01/07/2020 - 16:01

Cashies extends $150m deal

01/07/2020 - 16:01


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Cash Converters is claiming a solid balance sheet after it extended a $150 million securitisation facility, following a turbulent time for the payday lender.

Cashies extends $150m deal

Cash Converters is claiming a solid balance sheet after it extended a $150 million securitisation facility, following a turbulent time for the payday lender.

The Perth-based business said the securitisation facility with Fortress Investment Group would have expired at the ended of 2020, but the term will now end in December 2022.

The finance facility was signed in 2016 and is against Cash Converters International’s small and medium contract loan books and auto loan book.

Chief executive Sam Budiselik said it was significant in the current economic environment.

It comes after a tumultuous period in Cash Converters’ executive suite.

In February, Brendan White resigned as chief executive officer, with the company saying in an ASX announcement it was due to family commitments.

That came just more than a year after Mr White was picked for the role, in late 2018.

Mr Budiselik was promoted from the role of chief operating officer, where he had served since 2017.

In March, chief financial officer Michael Murphy was revealed to be leaving the organisation in September.

The announcement came only four months after his appointment, in November 2019.

Business News understands he has already departed.

Mr Murphy was replaced by Leslie Crockett.

The company posted a $19.4 million loss for the six months to December 2019, more than triple the loss for the prior corresponding period.

COVID-19 economy

The securitisation deal would help keep the company’s balance sheet strong, Mr Budiselik said today.

The company also said data from the National Credit Providers Association showed short term credit applications approved in the first four months of the year had fallen 24 per cent compared to the same period in 2019.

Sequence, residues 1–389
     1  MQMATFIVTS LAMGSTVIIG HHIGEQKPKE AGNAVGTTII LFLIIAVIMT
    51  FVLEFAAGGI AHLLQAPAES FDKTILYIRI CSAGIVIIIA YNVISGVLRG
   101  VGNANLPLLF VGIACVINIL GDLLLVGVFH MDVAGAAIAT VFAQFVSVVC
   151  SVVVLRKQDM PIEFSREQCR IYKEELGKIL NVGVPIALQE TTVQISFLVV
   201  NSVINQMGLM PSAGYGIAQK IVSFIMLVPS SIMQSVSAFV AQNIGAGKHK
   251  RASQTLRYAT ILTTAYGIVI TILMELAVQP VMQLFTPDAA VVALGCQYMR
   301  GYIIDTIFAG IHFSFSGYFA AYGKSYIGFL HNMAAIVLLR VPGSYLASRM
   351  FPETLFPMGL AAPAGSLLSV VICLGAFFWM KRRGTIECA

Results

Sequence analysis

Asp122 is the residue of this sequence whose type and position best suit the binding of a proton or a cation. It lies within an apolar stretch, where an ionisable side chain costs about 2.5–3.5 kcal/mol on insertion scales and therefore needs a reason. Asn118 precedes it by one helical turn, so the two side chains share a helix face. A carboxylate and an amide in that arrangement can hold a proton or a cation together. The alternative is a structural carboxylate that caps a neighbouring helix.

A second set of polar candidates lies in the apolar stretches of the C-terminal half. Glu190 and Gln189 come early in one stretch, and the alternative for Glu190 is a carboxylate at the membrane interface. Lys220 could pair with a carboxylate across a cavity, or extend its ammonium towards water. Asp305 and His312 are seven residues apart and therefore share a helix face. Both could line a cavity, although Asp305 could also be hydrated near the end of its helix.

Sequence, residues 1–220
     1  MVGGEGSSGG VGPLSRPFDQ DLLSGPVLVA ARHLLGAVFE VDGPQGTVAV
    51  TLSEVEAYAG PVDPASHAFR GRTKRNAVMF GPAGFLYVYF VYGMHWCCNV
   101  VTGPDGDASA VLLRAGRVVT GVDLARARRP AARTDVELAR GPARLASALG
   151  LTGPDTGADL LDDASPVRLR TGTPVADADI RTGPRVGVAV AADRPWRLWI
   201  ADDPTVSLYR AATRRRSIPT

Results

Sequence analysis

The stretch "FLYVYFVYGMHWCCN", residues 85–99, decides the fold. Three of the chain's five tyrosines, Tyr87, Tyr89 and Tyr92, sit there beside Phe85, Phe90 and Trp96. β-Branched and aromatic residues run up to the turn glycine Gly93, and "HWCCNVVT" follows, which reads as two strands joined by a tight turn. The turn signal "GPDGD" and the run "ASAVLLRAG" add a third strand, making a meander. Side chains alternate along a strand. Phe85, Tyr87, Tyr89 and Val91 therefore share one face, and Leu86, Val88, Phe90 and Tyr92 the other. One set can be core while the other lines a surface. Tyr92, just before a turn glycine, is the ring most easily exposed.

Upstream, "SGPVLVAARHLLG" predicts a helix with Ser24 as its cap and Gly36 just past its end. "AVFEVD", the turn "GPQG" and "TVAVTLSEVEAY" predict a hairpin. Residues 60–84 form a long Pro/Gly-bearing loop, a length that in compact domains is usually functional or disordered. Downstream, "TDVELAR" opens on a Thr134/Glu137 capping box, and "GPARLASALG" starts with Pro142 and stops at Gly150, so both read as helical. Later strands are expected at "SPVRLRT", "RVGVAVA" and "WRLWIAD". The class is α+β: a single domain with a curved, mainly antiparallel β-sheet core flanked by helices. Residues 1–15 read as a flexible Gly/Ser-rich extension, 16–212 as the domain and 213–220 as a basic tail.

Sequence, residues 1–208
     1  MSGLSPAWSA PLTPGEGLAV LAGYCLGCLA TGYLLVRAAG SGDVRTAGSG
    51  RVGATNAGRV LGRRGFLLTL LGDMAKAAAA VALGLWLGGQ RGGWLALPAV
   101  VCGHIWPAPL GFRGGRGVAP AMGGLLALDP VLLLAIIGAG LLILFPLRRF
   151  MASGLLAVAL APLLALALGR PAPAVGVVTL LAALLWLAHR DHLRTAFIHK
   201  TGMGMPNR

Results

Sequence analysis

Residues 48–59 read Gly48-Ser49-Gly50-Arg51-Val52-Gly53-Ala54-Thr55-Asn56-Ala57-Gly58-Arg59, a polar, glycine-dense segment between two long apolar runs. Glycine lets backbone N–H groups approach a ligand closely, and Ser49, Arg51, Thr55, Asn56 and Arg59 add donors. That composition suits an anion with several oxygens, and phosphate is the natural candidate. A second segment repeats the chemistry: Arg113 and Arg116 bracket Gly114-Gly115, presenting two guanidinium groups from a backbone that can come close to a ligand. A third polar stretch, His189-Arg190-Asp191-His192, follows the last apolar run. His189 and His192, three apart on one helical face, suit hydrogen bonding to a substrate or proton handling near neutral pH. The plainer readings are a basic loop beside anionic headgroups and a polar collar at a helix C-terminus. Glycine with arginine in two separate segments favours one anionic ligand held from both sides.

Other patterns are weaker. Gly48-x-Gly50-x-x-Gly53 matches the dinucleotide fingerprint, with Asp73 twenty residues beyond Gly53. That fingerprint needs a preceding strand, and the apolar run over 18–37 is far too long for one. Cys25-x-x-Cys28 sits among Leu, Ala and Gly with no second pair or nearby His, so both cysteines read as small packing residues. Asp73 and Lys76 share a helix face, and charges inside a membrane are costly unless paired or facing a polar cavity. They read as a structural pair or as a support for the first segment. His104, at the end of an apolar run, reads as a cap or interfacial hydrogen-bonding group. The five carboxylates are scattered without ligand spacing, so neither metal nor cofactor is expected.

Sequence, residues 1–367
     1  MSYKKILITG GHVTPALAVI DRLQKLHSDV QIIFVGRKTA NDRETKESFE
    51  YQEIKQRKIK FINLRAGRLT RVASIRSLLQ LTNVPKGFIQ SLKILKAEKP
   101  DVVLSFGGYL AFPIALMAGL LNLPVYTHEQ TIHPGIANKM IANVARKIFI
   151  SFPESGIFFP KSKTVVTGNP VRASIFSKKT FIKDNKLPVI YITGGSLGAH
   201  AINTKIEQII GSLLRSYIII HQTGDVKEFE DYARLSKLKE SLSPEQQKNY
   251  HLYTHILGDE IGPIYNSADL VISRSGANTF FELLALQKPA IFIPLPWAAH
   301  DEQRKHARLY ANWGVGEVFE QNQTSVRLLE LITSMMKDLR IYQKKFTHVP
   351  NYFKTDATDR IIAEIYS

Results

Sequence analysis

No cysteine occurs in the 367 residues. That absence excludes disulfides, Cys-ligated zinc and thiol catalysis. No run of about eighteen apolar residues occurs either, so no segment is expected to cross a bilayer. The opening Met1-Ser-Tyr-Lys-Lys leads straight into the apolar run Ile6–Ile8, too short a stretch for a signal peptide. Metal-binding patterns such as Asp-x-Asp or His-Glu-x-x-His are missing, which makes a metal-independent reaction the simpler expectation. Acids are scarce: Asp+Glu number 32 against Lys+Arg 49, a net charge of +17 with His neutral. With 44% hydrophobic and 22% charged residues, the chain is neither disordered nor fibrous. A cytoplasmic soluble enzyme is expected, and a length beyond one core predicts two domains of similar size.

“While early signs of recovery are visible, the ultimate impact of COVID‐19 is yet to be fully realised by Australia’s economy,” Mr Budiselik said. 

“The scale of support provided by the government has been unprecedented and we have seen its impact in the softening of demand in our personal finance products. 

“However, as Australia’s economy starts to emerge from ‘lock‐down’ we have seen the beginning of a recovery in lending volumes, and while we enter the new financial year with smaller loan books, we operate from a position of balance sheet strength.

“We anticipate that, as Government stimulus continues through the first half of this financial year, lending volumes will increase only moderately, and our loan book levels will therefore remain subdued.

“Looking further ahead to financial year 2022, we are confident that both lending volumes and our loan books will return in line with a wider market recovery.

“Our balance sheet, bolstered by the renewal of our Facility, and the prudent measures we have taken in recent months ensures that Cash Converters is ideally positioned now and into the future.”


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